Despite such a favourable anticipated outcome, the unintended effects are the risk to be feared. Accidents can happen if you let children play with guns however much everyone agrees the guns should be taken away before anyone is hurt. This is a dumb way to run a country. It is an intolerable way for a global leader to behave.
The dangers being imposed on the world economy by the US legislative stalemate are akin to those that aggravated the great depression. That experience and the more recent shock in 2008 illustrate how quickly economies unravel once they are destabilised.
Recently, a new US ambassador was appointed to Australia. He posted a video on the internet expressing how much he and his partner were looking forward to experiencing the delights of Australia. He seemed a thoroughly friendly individual who will charm the many thousands he will meet during his Australian sojourn.
Like most appointments to the position in recent years, the new ambassador is untrained in global politics because Australia is seen as an easy posting to a friendly country. Meanwhile, the new Australian government set about pursuing its international agenda in other directions.
There were hard issues to deal with in Indonesia and with leaders from China, Malaysia, Japan and even PNG. Foreign Minister Julie Bishop represented Australia at the United Nations. When questioned later about the importance of Obama missing the leaders meetings in Asia, Bishop was little concerned. After all, she said, she already had her picture taken with Obama in New York. The US leader has become an excuse for a celebrity photo opportunity while the important business is being done elsewhere.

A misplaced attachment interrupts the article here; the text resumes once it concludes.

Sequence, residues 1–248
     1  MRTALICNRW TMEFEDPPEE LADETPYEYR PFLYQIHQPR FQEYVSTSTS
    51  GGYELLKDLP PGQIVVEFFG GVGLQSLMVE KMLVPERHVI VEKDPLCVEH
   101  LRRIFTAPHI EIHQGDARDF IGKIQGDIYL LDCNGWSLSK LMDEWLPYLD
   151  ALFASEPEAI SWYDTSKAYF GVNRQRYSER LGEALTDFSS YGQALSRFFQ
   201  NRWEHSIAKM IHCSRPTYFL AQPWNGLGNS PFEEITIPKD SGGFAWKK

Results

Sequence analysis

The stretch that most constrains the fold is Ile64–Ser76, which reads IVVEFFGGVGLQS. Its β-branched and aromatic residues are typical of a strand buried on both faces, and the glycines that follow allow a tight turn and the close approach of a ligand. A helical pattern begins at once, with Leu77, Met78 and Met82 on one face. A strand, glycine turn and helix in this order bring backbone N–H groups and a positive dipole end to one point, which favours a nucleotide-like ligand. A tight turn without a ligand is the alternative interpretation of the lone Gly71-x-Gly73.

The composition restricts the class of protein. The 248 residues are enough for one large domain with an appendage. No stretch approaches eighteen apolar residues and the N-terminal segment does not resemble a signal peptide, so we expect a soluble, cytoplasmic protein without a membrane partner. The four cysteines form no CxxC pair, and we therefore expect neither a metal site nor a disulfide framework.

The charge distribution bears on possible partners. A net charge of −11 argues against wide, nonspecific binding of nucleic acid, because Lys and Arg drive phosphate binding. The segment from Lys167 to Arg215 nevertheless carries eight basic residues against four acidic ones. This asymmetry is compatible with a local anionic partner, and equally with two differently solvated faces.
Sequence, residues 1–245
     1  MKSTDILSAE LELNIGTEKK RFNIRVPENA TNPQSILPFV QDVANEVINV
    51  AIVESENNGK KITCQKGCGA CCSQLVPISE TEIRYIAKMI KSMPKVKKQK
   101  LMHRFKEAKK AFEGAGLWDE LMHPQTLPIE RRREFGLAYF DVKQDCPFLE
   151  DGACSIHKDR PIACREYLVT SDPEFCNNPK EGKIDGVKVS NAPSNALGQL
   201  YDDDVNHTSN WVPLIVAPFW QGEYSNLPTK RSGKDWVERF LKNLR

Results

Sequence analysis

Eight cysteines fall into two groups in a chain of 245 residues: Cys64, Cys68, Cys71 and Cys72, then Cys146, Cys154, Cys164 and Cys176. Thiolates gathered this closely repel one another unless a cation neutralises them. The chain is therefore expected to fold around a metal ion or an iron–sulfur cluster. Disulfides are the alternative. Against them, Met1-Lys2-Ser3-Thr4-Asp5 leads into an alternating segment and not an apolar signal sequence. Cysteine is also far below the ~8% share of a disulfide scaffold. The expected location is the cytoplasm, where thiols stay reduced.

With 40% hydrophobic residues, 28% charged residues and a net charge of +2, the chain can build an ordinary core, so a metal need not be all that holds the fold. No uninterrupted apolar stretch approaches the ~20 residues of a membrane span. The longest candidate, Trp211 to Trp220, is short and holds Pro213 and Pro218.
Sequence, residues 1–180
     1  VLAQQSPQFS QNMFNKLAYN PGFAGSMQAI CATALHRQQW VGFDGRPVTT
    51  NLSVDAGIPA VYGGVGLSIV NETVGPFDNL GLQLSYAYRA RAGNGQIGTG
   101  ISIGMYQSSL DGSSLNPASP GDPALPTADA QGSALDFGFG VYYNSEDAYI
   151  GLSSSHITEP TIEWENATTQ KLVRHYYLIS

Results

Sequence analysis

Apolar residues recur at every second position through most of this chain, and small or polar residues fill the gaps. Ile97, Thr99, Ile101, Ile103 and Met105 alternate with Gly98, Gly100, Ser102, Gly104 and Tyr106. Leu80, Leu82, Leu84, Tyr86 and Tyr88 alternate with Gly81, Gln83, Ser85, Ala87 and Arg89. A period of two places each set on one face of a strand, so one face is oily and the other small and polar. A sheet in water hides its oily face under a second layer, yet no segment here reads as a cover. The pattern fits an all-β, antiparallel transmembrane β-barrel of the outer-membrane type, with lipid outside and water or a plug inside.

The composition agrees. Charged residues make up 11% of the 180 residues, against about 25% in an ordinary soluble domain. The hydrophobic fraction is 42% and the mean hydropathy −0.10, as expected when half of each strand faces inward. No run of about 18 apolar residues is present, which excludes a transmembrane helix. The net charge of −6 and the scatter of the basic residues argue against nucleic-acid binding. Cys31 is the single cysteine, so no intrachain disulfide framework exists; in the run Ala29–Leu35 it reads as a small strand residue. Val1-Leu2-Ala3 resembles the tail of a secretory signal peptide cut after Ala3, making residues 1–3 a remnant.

This is the evolving role of the USA: something for the scrapbook. The impotence of the US in Egypt and Syria is indicative. Russia and Iran came out from the diplomatic covers recently to take initiatives to bolster their international standing. They are likely to enjoy the accolades and seek more. China is gradually beginning to exert influence more commensurate with its economic size.
The role the USA used to play as leader of the free world is becoming redundant. The historical left-right divide no longer applies. The advanced-developing distinction has been blurred. The north-south characterisation is no longer worthwhile. Choosing between democracies like the USA and one party states like China as the basis for international dealings is no longer a guidepost worth retaining.
Australians would not leave uncriticised any other regime which so frequently threatened to inflict so much damage as the US Congress is now threatening. Australians will be reluctant to explicitly reject American influence. Like the British monarchy which once so dominated Australian political and cultural life, the USA will linger as a vestige of the nation's historical experience. It will not be repudiated aggressively. Some will look on it fondly. Others will see it as irrelevant as it withers. A few will be openly hostile. But change is happening and the Americans are making it easier for Australia to drift away.
As the new American ambassador is welcomed around the country in this newly forming world order, he should be informed that Australia needs to reappraise the nature of its connection with the USA. This is not because Australians want to reject the USA but because the USA is showing such disregard for the well being of the rest of the world that Australia, in common with others, is being given little choice.
(John Robertson is a director of E.I.M. Capital Managers, a Melbourne-based funds management group. He has worked as a policy economist, corporate business strategist and investment market professional for over 30 years after starting his career as a federal treasury economist in Canberra. His daily Market Diary - Brief Thoughts on Current Issues is available at http://www.eimcapital.com.au/PortfolioDirect/daily_views.htm).